Guide Dog Etiquette

When encountering a guide dog and their user, people are not always aware of what they should or shouldn't do. These guidelines will help people to understand the proper etiquette around guide dogs. Not following these simple "rules" can result in anything from frustrating social behaviour problems with the dog to more serious, and in some cases, dangerous situations for the guide dog user and their dog.

  • The harness is an indication that the dog is working. They may be guiding their user along the sidewalk, crossing a road, locating a destination or they may be lying quietly under a table in a café. Either way, the harness means, "Please don't distract me. I'm working." Distracting the dog by petting them or talking to them when they are guiding can lead to a loss of concentration that could result in an accident.  Distracting them when they are lying on the floor near their user can unsettle them and be a nuisance to the guide dog user.
  • Never offer food to a guide dog, especially when they are working in harness. The user has a set routine and a specific food to keep their dog healthy. Offering food to the dog outside their normal routine can result in antisocial behaviours such as begging for food, drooling in the presence of human food, stealing food and scavenging off the ground. The latter can be particularly hazardous to the user as the dog can start to lunge strongly to food on the ground when guiding.  Human food can also cause an upset stomach or even an allergic reaction in a dog.
  • If you would like to pet the guide dog, ask the guide dog user first. This will give them the opportunity to say either "yes" or "no", depending on the situation and their dog's behaviour. Dogs, particularly younger ones, can become excited when meeting people. In certain cases, when the dog is not guiding, the user may decide to remove the harness and let you pet their dog. Keep the greeting calm, gentle and short. Once the harness is back on, it's hands off again.
  • Do not encourage excitable play in a guide dog. The dog will have a lot of opportunities to play when they are at home with their user. Again, this is to prevent overexcitability when greeting people. Guide dogs are given access to public places where other dogs are not permitted. So, they must behave in a socially acceptable way when out and about.
  • If you see a blind or partially sighted person with a guide dog standing at the side of a road, waiting to cross, you can always ask them if they need assistance crossing the road, particularly on busier intersections. The guide dog user may feel perfectly confident to safely assess the traffic themselves, but if not, they might appreciate sighted assistance. In the latter case, go to their right side and offer your left elbow for them to hold on to as you cross the road together. Do not ever try to take control of the guide dog by the collar, leash or harness. In some cases, the guide dog user might prefer to ask their dog to follow you, in which case you would walk a few paces in front of the guide dog team. If they want you to walk with them, but still be guided by their dog, you should walk behind their right shoulder. From there, you are still able to have a conversation with the guide dog user, but not get in the way of the dog's guiding.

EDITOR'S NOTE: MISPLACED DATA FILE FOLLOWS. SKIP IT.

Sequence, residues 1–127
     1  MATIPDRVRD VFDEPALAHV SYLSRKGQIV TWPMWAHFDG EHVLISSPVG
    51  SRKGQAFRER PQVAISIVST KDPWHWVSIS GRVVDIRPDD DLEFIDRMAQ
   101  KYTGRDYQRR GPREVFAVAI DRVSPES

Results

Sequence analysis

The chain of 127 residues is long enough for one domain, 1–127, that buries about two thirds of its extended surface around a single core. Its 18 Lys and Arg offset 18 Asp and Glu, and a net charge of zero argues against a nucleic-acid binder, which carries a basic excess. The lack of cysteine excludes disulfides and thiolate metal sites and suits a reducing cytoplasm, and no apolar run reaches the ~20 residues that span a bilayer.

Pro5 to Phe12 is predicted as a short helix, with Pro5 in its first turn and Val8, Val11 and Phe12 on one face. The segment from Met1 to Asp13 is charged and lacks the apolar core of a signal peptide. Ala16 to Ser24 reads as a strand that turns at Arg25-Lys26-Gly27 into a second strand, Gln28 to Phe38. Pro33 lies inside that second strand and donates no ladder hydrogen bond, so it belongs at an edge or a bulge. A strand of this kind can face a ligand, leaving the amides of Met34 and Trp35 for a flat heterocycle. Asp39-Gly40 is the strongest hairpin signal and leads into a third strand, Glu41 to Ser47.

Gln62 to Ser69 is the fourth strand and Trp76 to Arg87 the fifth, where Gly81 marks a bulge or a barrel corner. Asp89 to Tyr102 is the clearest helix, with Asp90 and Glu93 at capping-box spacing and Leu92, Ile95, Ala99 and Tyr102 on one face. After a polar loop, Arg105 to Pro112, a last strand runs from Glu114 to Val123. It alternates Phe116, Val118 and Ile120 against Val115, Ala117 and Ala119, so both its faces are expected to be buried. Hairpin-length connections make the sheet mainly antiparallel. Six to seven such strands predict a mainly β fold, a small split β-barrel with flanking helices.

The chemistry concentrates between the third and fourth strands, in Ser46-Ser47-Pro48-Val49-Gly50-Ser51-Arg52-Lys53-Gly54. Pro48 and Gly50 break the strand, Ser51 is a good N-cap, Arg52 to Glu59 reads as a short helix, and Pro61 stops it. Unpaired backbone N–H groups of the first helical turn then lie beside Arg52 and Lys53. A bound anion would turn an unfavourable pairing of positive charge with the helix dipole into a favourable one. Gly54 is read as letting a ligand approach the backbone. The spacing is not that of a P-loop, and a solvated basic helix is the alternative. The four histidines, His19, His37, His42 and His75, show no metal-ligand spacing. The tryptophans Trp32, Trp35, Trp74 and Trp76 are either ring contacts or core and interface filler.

• If you notice a guide dog behaving in a way that may not be appropriate, and the user hasn't noticed, do not try to correct the dog yourself. Do not give them commands. Tell the guide dog user what the dog is doing and let them take control of the situation. They are the ones with the skills and training to handle their dog effectively.
  • If you are walking your pet dog and you see a guide dog user with their dog nearby, take your dog away from the guide dog. A guide dog encounter with a pet dog can result in a challenging and sometimes dangerous distraction to deal with. It is best to let them pass then you can continue on your way.  Never allow your pet dog to be off leash in public areas, particularly near roads. This is not only for their safety, but for the safety of others in the area, including guide dog users.

If there is anything you are not sure about as far as what you should or should not do with a guide dog, ask the guide dog user. They are the ones with the skills and training and they know their own dog better than anyone else.